Written by Rachel Gaffney
When St Patricks Day approaches, the stores begin to stock their shelves with loaves of white soda bread speckled with raisins and caraway seeds. This is known as 'Irish Soda Bread' in the United States of America.
This well known bread simply isn't traditional Irish soda bread. It is indeed a delicious treat and like all other foods, this too evolved over time. Consider it's origins. We were a poor nation. This was an easy to make all-in-one mixture that was made with buttermilk. Buttermilk is a by product of butter. Wholemeal flour was more widely available. Baking Soda was added as a leavining agent.
The average Irish home in the 1800's did not have an oven so thay baked the bread in a pot known as a 'Bastible'. This pot was suspended over an open fire and baked.
Raisins were not added until much later as these were an imported luxury item.
There are various myths/reasons behind the sign of the cross. Some think it was done to "let the devil out". Others say it made it easier to divide and was a symbol for "Breaking Bread". Being a catholic country, I'm pretty sure it did indeed have religious implications, however the baker in me also says it had a lot to do with the chemistry of baking, distribution of heat.
When Irish people refer to brown bread , we are indeed making reference to traditional Irish soda bread.
The ingredients and the method are quite simple really. This brown bread is served with soups and salmon, sliced and slathered with Irish butter and home made jams and marmalades. The crumbs from this bread are used to make the delicious brown bread ice cream, a recipe I will share at a later date.
The bread made with white flour and fruits is more commonly known as 'speckled dog' and is more of a tea bread or a cake. This too is a delicious treat. Many families have their own recipes handed down to them from generation to generation. The most important thing is the love associated with them and the sheer pleasure from eating them.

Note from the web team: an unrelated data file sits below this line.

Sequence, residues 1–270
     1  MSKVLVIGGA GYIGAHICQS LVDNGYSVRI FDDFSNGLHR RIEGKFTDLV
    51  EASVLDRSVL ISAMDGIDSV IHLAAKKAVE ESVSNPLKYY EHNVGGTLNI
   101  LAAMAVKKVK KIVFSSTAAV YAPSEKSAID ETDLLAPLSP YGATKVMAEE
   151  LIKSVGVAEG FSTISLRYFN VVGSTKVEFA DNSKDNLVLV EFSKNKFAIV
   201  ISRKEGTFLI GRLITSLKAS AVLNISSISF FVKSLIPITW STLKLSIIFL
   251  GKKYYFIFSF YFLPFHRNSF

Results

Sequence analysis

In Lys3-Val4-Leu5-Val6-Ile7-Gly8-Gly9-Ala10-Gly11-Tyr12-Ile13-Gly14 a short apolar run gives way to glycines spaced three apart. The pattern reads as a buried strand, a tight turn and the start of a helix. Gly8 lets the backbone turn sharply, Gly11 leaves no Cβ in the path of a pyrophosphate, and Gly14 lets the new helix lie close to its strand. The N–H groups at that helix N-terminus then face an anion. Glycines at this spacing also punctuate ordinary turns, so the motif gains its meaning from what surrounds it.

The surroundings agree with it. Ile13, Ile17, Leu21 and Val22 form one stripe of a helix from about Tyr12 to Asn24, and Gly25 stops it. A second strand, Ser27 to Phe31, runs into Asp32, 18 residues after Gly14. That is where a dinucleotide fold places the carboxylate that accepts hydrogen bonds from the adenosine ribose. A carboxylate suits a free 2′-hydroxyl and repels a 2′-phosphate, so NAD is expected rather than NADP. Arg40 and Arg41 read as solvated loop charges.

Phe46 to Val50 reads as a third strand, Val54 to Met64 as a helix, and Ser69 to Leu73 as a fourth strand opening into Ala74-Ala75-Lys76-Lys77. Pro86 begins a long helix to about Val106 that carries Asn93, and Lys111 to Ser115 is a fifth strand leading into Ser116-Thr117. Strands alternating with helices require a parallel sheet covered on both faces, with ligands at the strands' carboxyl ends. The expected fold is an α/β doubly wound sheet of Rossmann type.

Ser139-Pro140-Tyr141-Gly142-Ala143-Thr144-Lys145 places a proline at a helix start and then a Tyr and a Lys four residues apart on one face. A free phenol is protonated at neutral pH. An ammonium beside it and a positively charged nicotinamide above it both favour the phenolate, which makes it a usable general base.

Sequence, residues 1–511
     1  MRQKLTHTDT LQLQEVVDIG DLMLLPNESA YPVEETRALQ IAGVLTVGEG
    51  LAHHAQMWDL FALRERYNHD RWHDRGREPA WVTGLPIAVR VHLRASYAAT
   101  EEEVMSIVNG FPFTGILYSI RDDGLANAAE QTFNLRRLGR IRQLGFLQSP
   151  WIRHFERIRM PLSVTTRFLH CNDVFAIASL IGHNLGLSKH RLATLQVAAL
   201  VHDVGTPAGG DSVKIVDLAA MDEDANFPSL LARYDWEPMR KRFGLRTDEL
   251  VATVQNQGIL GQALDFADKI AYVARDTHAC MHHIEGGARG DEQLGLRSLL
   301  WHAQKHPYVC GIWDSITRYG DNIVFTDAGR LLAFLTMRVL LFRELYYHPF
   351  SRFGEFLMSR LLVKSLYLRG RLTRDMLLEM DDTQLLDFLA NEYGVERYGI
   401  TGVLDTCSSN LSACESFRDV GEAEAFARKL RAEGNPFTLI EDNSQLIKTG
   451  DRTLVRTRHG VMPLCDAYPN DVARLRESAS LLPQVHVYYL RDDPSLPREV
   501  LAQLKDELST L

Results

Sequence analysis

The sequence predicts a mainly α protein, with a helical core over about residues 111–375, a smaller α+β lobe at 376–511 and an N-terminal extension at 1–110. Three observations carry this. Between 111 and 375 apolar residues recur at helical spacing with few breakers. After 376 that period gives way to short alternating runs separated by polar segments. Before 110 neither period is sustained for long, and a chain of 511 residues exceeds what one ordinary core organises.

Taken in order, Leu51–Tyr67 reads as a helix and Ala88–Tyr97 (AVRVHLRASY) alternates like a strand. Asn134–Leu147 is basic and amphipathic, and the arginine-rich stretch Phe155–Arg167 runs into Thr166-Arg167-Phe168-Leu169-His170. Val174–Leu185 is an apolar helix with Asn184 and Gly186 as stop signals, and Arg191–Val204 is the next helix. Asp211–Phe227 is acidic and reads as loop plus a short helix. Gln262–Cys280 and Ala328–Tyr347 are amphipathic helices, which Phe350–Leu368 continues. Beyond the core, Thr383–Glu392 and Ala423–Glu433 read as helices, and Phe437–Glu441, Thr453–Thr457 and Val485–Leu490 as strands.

RACHEL GAFFNEY’S MUM’S IRISH SODA BREAD
3 1/3 cups whole wheat flour
1/2 cup all purpose flour
2 tablespoons wheat germ
3 teaspoons rolled oats
2 cups of buttermilk
1 teaspoon baking soda
1 teaspoon salt
1 teaspoon sugar
2 tablespoons canola/sunflower oil
Preheat oven to 375 degrees. You can use a floured pizza stone or lightly grease a 1lb loaf pan. In a large bowl, put in all the dry ingredients. Make a well in the center of the dry ingredients and pour in the buttermilk mixture. Add the oil. Now mix well and you may add more buttermilk if you wish. It should not be too dry. You can either add to your loaf pan or make a round on a pizza stone/baking sheet. If you make a round, using the ‘TIP of a SHARP knife’ make a cross in the bread. Sprinkle with some more oats if you wish for a rustic look. Then bake 45 minutes. When you tap the bread, it should sound hollow. Cool on a wire tray.
You can catch this video of Rachel doing her thing at http://www.youtube.com/watch?v=NnNZS_UGMUA